In a logical next step, Parkside Plaza gets a green market — Brooklynian

In a logical next step, Parkside Plaza gets a green market

Comments

  • exciting! here's a list of the stuff that will be sold. 

    image

    p.s. i wish we could apply a post to different neighborhood categories. this is of much bigger interest to flatbush than it is to crown heights. it being just barely on the southwestern edge of PLG
  • edited July 2015
    I'll stop by one Sunday.

    I'm in Crown Heights, but barely. It'd be a quick ride there for me - one stop on the Q or on the B41 Limited.

    Race Farm also comes to Union Square on Mondays. I think Bakers Bounty is at GAP on Saturdays.
  • I do hope the one at GAP becomes slightly less crowded as a result of these alternatives.
  • i hope it does too. the GAP farmer's market is not really walking distance for me. i've run there before, but i have no desire to do that these days in 90+ degree weather, and the 2 train/B41 is a real drag on the weekends. this one's only a 5 minute walk from my apartment! unfortunately, it seems quite small still.
  • Next logical step: coffee south of winthrop?
  • I haven't been south of Winthrop in a while, but perhaps some of the coffeeshops that are priced out of Crown Heights will reappear down there.

  • Interesting how businesses open in clusters, competing with each other. Near the Prospect Park Q you have half a dozen coffee options, but one stop further and there are none except Blessings, not particularly on the way to anything if you are coming from further south. 
    If a business migrated, it would have a monopoly from Winthrop south to Brooklyn College and beyond. Actually there is nothing around the Parkside Q, Church Q, Winthrop 2/5, Church 2/5, and points further south on the 2/5. 
    I do love Nostrand Donut though. 
  • edited July 2015
    Some of the small business owners I know state that they would love an environment in which there are few competitors, but simultaneously spend all their time relishing how they are going to beat their opponents.

    Aka "Win The Game"

    As a result, it is hard for me to believe that they do not move into a neighborhood to beat the competition, AND make money.

    ....hence, they may not be attracted to a neighorhood that does only provides half of this thrill.

    more coverage of the new farmers market: http://theqatparkside.blogspot.com/2015/07/farmers-market-turnip-volume.html
  • Interesting how businesses open in clusters, competing with each other. Near the Prospect Park Q you have half a dozen coffee options, but one stop further and there are none except Blessings, not particularly on the way to anything if you are coming from further south. 
    If a business migrated, it would have a monopoly from Winthrop south to Brooklyn College and beyond. Actually there is nothing around the Parkside Q, Church Q, Winthrop 2/5, Church 2/5, and points further south on the 2/5. 
    I do love Nostrand Donut though. 
    yeah it's pretty nuts there isn't a single coffee shop to serve, say, the immediate area around the parkside ave/ocean ave entrance to the park. what with all the train, park, and ocean ave traffic it would be an ideal nexus for something like that. i went to blessings on saturday and stood in a crazy long line and could only think about the fact another coffee shop south of winthrop would make out like bandits, even if they stuck to just coffee and some snacks (and not full brunch like blessings.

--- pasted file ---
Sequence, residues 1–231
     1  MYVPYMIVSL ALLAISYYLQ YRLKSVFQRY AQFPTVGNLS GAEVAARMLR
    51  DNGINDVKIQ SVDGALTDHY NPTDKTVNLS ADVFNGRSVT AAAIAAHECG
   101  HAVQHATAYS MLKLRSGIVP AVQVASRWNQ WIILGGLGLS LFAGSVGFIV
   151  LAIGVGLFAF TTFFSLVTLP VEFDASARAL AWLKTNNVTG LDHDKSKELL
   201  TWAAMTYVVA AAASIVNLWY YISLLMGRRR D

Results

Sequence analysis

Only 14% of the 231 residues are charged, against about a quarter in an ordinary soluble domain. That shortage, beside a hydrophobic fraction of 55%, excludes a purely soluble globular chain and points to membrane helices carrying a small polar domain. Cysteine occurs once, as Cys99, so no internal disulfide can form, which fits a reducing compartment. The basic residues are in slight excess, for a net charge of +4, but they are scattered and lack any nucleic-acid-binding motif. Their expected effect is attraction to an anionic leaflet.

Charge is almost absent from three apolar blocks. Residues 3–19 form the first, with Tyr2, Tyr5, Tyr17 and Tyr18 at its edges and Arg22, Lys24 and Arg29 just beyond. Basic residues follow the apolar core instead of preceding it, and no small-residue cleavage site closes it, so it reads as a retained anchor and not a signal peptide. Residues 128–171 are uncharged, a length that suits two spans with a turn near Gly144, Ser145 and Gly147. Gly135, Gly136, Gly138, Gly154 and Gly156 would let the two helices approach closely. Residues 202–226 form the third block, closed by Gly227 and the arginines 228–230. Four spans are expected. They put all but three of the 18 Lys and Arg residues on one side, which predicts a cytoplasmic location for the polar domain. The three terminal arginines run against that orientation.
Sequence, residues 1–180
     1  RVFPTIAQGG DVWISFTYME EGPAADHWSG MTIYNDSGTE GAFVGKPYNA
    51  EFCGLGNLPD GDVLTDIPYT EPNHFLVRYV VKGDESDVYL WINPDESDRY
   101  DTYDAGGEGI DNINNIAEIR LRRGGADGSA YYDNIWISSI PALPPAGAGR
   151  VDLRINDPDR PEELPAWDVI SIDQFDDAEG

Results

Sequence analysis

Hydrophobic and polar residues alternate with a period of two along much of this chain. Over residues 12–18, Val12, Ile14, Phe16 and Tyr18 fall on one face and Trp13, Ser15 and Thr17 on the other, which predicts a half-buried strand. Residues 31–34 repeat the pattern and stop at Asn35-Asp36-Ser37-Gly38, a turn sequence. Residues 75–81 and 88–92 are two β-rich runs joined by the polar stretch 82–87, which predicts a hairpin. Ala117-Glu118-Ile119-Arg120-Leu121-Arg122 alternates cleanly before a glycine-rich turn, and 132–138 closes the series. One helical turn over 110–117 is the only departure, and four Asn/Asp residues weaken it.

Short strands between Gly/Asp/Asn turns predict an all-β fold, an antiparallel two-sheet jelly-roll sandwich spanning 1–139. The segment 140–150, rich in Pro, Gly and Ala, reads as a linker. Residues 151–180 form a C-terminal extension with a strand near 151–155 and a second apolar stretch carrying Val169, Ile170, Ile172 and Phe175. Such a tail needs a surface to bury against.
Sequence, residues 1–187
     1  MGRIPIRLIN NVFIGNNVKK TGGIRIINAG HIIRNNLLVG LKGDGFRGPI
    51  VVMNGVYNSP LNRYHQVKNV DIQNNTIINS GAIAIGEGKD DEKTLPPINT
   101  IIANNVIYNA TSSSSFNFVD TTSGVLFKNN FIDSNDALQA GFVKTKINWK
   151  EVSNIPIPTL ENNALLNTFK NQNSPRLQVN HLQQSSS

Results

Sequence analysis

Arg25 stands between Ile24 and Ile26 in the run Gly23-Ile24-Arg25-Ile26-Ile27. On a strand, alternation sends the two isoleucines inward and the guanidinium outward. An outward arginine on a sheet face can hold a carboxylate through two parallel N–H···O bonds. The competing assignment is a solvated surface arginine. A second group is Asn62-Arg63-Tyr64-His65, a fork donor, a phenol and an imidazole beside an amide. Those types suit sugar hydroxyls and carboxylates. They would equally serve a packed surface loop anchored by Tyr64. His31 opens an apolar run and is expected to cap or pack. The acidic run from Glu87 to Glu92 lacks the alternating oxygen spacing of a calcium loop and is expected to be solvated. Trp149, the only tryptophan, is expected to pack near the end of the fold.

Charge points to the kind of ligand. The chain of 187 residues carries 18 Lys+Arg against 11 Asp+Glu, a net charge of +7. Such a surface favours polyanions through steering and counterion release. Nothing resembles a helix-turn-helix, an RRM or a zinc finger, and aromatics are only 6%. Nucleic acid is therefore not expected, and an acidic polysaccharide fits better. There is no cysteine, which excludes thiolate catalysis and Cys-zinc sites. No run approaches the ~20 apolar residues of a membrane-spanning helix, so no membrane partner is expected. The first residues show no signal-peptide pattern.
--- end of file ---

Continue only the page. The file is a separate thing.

i love me some nostrand donut coffee, but it's not exactly an americano, alas
  • I stopped by today after I had walked through the block party on Flatbush. It's small...probably about the size of the market on Courtelyou on Sundays.

    I asked the market manager if compost drop-off will be made available at this site. He said no, because the company that provides that service doesn't have the capacity to serve this market.
  • I agree with RudolfAhrens. I've been saying that for years. I think businesses are too afraid to make that leap to the be the first in an area, even though I think that gives them a huge advantage. They think there aren't enough customers to support it. Low rents, monopoly, loyalty...much better chances of succeeding in my opinion.
  • I agree with RudolfAhrens. I've been saying that for years. I think businesses are too afraid to make that leap to the be the first in an area, even though I think that gives them a huge advantage. They think there aren't enough customers to support it.
    This is a legit fear. See what happened to Mountain on Franklin Avenue below Eastern Parkway.
  • Looks like the logical next step is...
    another bar. 

  • edited August 2015
    As I said on the Mountian discussion, I don't think they didn't do well because of their location. I don't think they would have done well north of EP either, certainly not well enough to make up for the increased rent. Several new businesses have opened up in PLG and east of Franklin and are doing well, even though there isn't/wasn't anything else around it. The businesses themselves were enough of an attraction. Mountain was too expensive, was trying to do too much without doing any one thing well enough, and didn't have a great vibe to hang out in. If Manhattanville, Midwood Flats, Catfish, Bluebird or Blessings opened in the Mountain space, I think they would have done fine.
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